There is no denying that Intel will be part of the conversation as it vies to become a leader on mobile platforms which require showcases a new form of processing power that is both lighter and less energy intensive. A colleague of mine who works at Intel was especially impressed by CEO Paul Ottelini’s recognition of missed opportunities and roadmap for being part of the conversation in mobile devices at the latest corporate event. This is not to say that Intel has had the discipline of say an IBM when it comes to meeting financial benchmarks and meeting earnings per share milestones. However, at $21.00 share and a P/E Ratio of 10 Intel is priced with low expectations in mind.
The 3.2% dividend yield off of a relatively low payout ratio is another reason to take comfort in this issue. Like Microsoft, Intel is a dominant franchise with capability to INVEST and COMPETE in new growth segments. It does not hurt that Intel has a deep management team led by Paul Ottelini that is not scared of making bold changes to capitalize on a future that will be ever more dominated by the proliferation of mobile devices. Intel has the balance sheet and ability to compete and win in these frontiers of growth. The war is only just beginning but Wall Street with its focus on short term trends is creating an opportunity for investors today.
Cisco. By many metrics, Cisco is the most tantalizing prospect of the three former “tech darlings”. It also has the least credibility on Wall Street because of disappointing earnings forecasts and a missed revenue number off its most recent quarter. Cisco continues to plumb new 52 week lows as a result of this and other strategic blunders. Cisco has clearly strayed from its core offerings in the domain where it is still king- corporate networking- where it maintains over 70% market share versus the smaller but more nimble competitors such as Juniper and Riverbed.
Cisco is no longer a growth story and its share price of $15 prices it at an astounding nine times earnings. Cisco is absurdly cheap and with $25B in net cash it is probably a gift at this price. It could go lower still with a further degradation in its core business, but there are several catalysts that would give the stock a quick boost such as an increase in its 1.8% dividend yield or an exit by its beleaguered CEO John Chambers. Even Ralph Nader has recently joined the fray in agitating for change at the top.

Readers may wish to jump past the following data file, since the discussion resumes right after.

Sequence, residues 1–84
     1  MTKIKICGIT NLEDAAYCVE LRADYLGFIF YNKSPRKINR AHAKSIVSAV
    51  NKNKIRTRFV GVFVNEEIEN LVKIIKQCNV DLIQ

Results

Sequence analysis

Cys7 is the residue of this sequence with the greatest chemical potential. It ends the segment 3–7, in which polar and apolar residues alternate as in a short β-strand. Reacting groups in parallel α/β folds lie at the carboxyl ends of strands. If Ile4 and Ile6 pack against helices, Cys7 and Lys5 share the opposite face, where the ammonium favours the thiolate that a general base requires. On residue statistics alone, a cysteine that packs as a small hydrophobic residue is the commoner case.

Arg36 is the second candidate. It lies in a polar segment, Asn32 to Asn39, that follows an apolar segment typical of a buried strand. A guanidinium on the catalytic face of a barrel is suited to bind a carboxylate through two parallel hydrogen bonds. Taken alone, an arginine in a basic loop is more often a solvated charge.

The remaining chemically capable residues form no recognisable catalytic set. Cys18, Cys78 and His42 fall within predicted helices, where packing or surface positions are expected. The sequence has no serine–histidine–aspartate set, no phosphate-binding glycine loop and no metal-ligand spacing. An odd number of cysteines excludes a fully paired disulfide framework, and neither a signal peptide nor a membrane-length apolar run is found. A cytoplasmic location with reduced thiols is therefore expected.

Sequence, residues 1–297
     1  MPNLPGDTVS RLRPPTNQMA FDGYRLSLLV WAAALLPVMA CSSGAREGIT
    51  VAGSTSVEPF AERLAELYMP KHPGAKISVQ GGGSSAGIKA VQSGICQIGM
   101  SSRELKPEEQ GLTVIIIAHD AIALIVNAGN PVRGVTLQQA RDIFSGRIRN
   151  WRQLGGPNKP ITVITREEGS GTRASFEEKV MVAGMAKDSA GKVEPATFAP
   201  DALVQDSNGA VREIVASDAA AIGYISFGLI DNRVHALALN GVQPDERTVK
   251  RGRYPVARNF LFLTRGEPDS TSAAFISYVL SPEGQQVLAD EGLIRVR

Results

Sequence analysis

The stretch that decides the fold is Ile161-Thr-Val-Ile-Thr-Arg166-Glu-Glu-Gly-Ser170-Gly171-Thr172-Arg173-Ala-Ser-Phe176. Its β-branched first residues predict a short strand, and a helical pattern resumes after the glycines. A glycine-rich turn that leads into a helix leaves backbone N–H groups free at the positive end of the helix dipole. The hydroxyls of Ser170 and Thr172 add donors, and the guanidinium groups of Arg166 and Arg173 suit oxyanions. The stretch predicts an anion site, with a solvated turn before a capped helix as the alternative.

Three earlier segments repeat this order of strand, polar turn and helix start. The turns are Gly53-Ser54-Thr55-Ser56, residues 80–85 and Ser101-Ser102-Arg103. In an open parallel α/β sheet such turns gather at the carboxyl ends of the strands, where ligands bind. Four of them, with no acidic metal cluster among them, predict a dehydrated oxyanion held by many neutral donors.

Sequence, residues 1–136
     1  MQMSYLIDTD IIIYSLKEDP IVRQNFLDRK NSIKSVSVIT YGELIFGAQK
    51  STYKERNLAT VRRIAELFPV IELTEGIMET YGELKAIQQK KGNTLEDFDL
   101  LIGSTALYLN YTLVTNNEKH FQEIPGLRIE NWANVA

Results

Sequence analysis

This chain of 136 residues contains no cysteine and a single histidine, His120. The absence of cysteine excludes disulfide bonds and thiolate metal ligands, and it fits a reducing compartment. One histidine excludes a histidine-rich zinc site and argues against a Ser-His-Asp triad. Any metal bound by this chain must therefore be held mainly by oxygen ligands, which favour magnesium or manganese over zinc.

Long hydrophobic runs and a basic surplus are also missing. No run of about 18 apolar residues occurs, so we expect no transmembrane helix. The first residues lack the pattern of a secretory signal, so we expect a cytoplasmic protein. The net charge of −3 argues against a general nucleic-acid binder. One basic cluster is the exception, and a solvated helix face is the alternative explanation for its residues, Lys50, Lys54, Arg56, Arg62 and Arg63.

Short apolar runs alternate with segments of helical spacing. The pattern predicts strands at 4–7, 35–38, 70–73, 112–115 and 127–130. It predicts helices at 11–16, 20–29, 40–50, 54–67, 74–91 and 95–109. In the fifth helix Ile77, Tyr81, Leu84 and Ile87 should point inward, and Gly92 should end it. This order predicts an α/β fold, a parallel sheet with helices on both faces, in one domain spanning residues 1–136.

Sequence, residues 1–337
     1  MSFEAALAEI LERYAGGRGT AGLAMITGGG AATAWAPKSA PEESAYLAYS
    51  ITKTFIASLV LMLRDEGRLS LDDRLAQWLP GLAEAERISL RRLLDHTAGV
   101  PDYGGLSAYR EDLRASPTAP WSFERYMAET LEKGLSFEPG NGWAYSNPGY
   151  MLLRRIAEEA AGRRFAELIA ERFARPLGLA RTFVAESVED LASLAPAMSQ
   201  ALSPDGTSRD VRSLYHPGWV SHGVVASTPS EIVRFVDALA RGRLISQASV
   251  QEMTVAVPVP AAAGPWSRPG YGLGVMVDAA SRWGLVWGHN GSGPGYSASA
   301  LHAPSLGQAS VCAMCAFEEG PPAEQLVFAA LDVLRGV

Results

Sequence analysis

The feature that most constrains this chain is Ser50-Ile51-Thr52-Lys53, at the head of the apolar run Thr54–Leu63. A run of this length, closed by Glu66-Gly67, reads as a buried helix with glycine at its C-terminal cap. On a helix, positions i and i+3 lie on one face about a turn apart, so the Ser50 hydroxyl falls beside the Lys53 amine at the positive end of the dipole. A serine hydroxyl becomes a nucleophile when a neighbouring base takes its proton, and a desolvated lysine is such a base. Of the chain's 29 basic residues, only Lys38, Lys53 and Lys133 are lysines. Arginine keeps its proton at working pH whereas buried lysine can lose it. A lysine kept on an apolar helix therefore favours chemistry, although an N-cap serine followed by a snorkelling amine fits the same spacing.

Longer term, Cisco will likely claw back and refocus on the networking side of the business. A complicated product refresh cycle is taking place currently and when complete Cisco will continue to compete favorably and is unlikely to lose its dominant position. Cisco is also angling for growth in the server market where it is competing against HP (HPQ), Oracle (ORCL) and IBM as an end to end offering for networking and integrated server technologies.
Recent growth in this domain has been compelling but comes at the expense of riling former technology partners where it will now compete head to head in this very competitive space. Cisco is simply too dominant in a slice of the tech business that is likely to grow by leaps and bounds as ever more applications continue to place huge demands on computer networks. Cisco is at the heart of this transformation and will almost certainly benefit from demand for its one stop shop products and services.
The old titans of tech are out of favor, but not out of growth. A decade ago, many on Wall Street were trumpeting (and profiting from) the prospects of Intel, Microsoft and Cisco in spite of effervescent valuations, but now the complete opposite is true. In my mind, there is no better time to invest each of these three equities and I think much of the risk has been squeezed out. Returns on equity are simply too high, balance sheets too strong and brand recognition and market dominance too powerful to become “has beens” of the tech world.
I vividly remember the same negative sentiments regarding IBM and Apple Computer at their respective nadirs. Take the long view and keep an eye on history before relegating these tech stalwarts of yore to the dustbin. Check back in a few years and it will be interesting to hear Wall Street singing the praises of a more popular iteration of these very same companies. Of course, by the time Wall Street hops on board, share prices will likely be at far different levels.
Disclosure: I am long MSFT, INTC, CSCO.